The following post is from Melissa Batai
After the high school graduation season, many students are making plans for their futures, which may include attending college. Preparing to go to college can be overwhelming. Not only do students have to decide which college to attend, but they have to start thinking about a major and, most importantly, how to afford college. For many, attending college means taking out student loans.
While the media has done a great job reflecting on the problem of student loan debt, there is still a lot of misinformation out there. My husband and I made a lot of mistakes when choosing a college and taking out student loans, especially because we were each the first in our families to go to college, and neither of us had much guidance.
This would be our advice to high school grads getting ready to attend college:
The college’s name and reputation matter. People like to tell students that it doesn’t really matter what college you choose, but in my experience, it does. Say you attend a small private school that is only known locally. If you stay local for the rest of your life, what college you attended likely won’t matter. However, if you’re applying to graduate school or a job in another part of the country, your college won’t carry much weight. If you instead attend a prestigious, nationally recognized school with a good reputation, your degree carries more weight because it has name recognition value.
The bigger the school, the deeper the pockets. As someone who is quite shy, I understand the desire to attend a small school. However, the bigger, more prestigious schools have a rich alumni base (and by rich, I mean vast AND with deep pockets). These alumni often donate heavily to their alma mater, which means there is more money available for financial aid. Sometimes attending the bigger school makes more sense financially, even if it’s not the best fit for you.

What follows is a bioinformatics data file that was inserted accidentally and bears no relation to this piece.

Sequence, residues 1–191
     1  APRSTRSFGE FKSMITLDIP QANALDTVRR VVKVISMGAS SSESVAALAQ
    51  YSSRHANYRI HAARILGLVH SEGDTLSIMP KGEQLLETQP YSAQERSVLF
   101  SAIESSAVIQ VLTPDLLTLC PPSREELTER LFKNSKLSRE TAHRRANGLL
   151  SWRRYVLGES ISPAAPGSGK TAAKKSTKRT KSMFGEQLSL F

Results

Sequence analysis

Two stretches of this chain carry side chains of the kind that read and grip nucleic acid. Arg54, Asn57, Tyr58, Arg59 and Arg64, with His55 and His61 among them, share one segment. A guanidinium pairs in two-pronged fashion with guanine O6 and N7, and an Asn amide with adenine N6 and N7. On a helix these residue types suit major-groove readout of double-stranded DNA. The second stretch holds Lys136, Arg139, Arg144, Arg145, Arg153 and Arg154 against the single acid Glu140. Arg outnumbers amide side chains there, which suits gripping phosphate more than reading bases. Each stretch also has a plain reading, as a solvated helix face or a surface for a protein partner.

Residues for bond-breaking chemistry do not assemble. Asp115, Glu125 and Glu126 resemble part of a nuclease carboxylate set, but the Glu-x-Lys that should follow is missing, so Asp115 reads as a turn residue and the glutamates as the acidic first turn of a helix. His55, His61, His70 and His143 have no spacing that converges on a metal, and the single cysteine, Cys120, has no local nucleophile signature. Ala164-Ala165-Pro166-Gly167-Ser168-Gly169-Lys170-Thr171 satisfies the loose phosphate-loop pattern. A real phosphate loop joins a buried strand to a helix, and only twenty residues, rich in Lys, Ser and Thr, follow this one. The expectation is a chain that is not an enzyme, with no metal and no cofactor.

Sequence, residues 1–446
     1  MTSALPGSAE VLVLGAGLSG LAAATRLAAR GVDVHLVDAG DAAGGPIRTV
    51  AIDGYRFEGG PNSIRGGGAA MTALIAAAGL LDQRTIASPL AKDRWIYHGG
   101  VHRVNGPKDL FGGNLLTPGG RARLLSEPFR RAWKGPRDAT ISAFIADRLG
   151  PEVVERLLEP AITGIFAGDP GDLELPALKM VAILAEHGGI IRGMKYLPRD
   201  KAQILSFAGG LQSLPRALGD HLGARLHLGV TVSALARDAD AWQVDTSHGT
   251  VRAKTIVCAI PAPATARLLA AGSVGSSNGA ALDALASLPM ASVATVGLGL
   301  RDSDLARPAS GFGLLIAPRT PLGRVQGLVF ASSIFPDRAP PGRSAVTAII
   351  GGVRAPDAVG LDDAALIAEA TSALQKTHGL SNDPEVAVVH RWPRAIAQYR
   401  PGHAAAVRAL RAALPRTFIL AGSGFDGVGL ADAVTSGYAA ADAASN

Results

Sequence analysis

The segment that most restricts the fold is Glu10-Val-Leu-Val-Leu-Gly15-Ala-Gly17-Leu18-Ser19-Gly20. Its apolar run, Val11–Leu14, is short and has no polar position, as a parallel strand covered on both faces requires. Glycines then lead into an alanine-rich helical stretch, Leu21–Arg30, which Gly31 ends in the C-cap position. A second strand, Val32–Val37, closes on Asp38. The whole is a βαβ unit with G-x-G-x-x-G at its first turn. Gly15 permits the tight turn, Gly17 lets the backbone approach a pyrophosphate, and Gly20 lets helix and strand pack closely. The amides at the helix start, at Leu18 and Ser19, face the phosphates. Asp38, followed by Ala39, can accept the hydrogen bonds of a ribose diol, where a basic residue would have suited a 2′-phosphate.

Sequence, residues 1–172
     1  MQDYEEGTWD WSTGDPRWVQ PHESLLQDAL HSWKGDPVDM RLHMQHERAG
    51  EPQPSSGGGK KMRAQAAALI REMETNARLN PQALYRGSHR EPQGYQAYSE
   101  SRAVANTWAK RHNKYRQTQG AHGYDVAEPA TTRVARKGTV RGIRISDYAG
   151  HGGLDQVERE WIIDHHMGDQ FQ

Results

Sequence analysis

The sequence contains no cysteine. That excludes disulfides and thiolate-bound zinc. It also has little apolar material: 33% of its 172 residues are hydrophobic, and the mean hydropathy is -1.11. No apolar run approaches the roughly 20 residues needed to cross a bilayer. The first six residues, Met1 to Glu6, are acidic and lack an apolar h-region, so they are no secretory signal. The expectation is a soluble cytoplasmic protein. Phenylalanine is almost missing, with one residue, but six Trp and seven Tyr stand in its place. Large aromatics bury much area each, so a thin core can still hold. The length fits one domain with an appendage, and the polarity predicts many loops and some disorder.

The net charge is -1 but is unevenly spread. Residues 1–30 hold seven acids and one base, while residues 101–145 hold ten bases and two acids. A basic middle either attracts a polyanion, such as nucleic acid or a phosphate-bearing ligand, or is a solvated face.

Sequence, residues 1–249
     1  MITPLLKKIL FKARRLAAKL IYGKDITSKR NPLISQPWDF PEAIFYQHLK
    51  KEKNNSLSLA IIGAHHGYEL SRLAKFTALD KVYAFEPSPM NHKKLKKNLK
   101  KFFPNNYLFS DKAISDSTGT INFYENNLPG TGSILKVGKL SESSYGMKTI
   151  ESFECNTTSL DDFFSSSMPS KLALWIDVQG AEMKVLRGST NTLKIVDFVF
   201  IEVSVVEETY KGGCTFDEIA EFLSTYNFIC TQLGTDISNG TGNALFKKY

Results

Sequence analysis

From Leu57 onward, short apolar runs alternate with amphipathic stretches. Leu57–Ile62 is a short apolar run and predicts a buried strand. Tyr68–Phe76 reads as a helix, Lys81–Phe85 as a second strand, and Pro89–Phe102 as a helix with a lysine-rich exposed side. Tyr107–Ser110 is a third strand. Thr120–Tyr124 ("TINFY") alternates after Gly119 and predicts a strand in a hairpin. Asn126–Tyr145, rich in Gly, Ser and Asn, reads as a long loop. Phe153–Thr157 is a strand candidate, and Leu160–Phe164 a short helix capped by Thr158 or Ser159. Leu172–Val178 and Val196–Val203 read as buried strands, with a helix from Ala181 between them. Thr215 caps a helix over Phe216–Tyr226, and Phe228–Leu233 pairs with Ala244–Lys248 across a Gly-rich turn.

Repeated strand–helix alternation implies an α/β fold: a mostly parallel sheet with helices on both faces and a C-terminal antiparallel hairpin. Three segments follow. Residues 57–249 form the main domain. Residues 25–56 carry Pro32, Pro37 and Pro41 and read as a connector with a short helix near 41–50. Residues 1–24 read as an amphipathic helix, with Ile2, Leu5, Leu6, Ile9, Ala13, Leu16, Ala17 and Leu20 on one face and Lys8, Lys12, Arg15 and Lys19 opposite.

Don’t automatically consolidate your loans when you graduate. When I graduated, everyone told me the best thing to do was consolidate my loans. On one hand, that was the best thing to do because it lowered my overall payment, and I just made one payment a month instead of several smaller payments. But no one told me that the student loan interest rates can fluctuate and that I should wait to consolidate until the loan rate drops. I ended up locking myself into a 6.75% interest rate because once you consolidate, you can’t change the interest rate when it drops lower.
Read the fine print in your loans before deciding on consolidation. This is another mistake I made by blindly following the advice to consolidate my loans as soon as I graduated. One of my loans was a private loan through the college I attended, and it had a 2% interest rate! When I consolidated, I rolled that loan in with my other loans and started paying 6.75% interest. I’m still, years later, kicking myself over that one.
My husband and I now have a child in middle school who will be in college before we know it. We’re glad we have this advice to give him based on our own experience, but we know there is still a lot to learn.
What advice would you give a new high school graduate about choosing, attending, and paying for college?